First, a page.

Taiwan, Manchukuo, and the Sino-Japanese War

  •  Man-houng Lin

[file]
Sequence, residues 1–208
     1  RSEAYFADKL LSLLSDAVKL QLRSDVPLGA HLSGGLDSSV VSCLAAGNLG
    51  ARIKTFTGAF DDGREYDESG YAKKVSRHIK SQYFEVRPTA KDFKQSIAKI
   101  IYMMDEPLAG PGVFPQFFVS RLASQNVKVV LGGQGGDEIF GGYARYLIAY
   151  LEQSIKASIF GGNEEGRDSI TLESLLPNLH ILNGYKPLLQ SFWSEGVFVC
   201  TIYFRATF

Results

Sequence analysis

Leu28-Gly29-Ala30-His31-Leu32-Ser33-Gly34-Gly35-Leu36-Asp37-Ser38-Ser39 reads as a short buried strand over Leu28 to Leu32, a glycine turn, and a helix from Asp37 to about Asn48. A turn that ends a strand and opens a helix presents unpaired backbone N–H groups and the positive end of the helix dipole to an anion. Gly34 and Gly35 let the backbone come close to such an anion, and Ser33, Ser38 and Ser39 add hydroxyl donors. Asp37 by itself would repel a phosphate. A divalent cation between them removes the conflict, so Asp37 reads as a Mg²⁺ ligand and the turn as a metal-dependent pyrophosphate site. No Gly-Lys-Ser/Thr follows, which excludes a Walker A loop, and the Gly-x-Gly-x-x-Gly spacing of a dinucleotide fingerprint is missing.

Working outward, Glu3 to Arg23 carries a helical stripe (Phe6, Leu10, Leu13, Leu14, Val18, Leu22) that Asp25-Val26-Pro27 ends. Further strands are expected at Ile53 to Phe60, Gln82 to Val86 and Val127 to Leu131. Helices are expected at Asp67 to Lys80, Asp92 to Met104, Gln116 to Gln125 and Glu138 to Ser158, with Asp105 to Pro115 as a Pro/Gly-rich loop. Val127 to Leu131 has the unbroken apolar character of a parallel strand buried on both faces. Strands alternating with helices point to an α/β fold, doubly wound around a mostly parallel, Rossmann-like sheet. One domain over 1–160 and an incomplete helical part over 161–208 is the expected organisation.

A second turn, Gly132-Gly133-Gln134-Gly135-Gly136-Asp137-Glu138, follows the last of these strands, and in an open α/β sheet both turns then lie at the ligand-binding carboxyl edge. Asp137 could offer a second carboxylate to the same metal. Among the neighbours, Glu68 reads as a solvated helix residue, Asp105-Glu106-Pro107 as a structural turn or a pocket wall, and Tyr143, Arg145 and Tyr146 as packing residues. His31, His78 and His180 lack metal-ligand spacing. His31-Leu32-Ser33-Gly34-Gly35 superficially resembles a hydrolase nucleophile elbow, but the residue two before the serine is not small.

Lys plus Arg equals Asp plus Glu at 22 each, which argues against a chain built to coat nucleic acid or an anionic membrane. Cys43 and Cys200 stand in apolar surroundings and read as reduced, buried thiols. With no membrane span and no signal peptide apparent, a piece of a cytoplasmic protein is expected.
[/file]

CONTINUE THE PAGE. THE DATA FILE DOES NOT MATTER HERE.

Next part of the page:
With the establishment of Manchukuo in 1932, Manchuria turned into Taiwan’s most important area to trade with in Chinese mainland. Taiwanese entrepreneurs from countryside and urban areas of Taiwan joined this “international” trade mostly opened by the Japanese merchants and the Japanese government. The reinforcement of the Taiwan-Manchukuo trade was made at the cost of the Manchukuo-Inland China trade. When the overseas Chinese in the Southeast Asia decreased their purchase of Taiwanese products which had been categorized as “Japanese” products because of Japanese invasion against China, the Taiwanese exclaimed that the imperial army in Manchukuo and North China had saved their economy. This historical account discloses that the Taiwanese and mainlanders who had to live together in the postwar Taiwan had actually been opposing with each other during the Sino-Japanese War. It explains to some extent the two ethnic groups’ much congruent memory of Japan in the post-1945 Taiwan.

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